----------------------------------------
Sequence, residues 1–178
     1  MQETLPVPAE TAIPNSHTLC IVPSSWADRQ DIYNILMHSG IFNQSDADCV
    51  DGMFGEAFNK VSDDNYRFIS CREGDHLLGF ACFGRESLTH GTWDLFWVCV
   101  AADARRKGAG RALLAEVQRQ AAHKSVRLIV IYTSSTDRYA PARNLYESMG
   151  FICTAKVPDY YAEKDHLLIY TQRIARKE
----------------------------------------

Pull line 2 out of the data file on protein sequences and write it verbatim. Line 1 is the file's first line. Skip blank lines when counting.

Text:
     1  MQETLPVPAE TAIPNSHTLC IVPSSWADRQ DIYNILMHSG IFNQSDADCV